Seven thousand names were randomly selected from IT management databases or subscriber lists of IT publications. From these random names, the survey attracted 693 responses of which 172 qualified responses were used to draw conclusions. Criteria used to determine appropriate expertise for completed surveys rested on respondents that had MVS systems installed, worked on COBOL applications and were familiar with ABENDs or the recovery process. Final results represent a cross-section of industries and company sizes.
To give perspective, survey respondents represented companies with average annual sales of $4.4 billion and an average of 5,700 employees per organization. Primary business segments represented in the survey included insurance/real estate (16 percent), manufacturing (15 percent), communications/utilities/transportation (13 percent) and government (12 percent). Of the survey respondents, 53 percent reported having one MVS mainframe, 47 percent have two or more and close to one third have four or more MVS mainframes installed. The most common COBOL compilers in use are VS COBOL II and COBOL for OS/390. The majority of respondents noted using three or four different COBOL compilers.
Of the nearly 30 questions that were asked of the respondents, two areas in particular 1) frequency and types of failures, and 2) the recovery time versus batch window, provided the most eye-opening results. In short, application failures were a common experience for respondents. Fewer than 10 percent said they did not experience any failures while 43 percent noted more than 25 failure instances in the past 12 months (see chart "Number of ABENDs within the Past 12 Months"). This translates into some type of failure about every two weeks. The majority of respondents attribute the cause of failures to be application specific (79 percent), as opposed to an MVS system failure (11 percent). Other causes of failure revealed by respondents included human error, databases, CICS and infrastructure problems.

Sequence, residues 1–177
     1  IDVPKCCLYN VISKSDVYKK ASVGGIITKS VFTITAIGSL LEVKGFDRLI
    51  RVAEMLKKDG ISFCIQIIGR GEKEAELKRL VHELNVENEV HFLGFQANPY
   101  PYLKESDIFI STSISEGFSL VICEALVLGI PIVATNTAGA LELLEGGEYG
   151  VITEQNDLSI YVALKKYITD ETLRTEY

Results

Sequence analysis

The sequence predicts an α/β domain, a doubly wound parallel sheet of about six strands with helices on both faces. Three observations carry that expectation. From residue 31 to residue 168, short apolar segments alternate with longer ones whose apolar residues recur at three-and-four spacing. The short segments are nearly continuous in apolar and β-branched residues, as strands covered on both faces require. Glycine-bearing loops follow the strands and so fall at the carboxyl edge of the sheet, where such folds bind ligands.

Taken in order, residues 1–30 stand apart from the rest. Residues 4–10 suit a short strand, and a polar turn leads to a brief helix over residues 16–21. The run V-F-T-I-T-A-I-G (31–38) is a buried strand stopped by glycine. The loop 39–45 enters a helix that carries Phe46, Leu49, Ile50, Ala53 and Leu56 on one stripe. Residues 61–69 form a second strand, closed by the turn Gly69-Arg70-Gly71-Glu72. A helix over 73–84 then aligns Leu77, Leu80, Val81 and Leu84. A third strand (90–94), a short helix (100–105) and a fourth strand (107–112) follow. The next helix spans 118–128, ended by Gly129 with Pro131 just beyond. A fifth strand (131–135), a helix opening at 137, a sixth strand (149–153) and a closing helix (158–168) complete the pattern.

To further compound this problem, the average time to recover from these crashes was five hours (see bar chart "Maximum Recovery Time After an ABEND"). Based on these findings, the challenge for IT managers is the ongoing need to allocate approximately 10 hours each month to failure recovery when only less than half that amount of batch time is available per failure. In fact, the research revealed far less time available than needed to recover from such failures. Specifically, 46 percent reported only 1-2 hours of available batch window recovery time, 25 percent reported 3-4 hours and 9 percent had less than 1 hour to recover (see bar chart "Maximum Batch Slack Time Available for Reruns"). These specific results clearly shed light on the challenge MVS mainframe shops face in finding and managing time for failure recovery.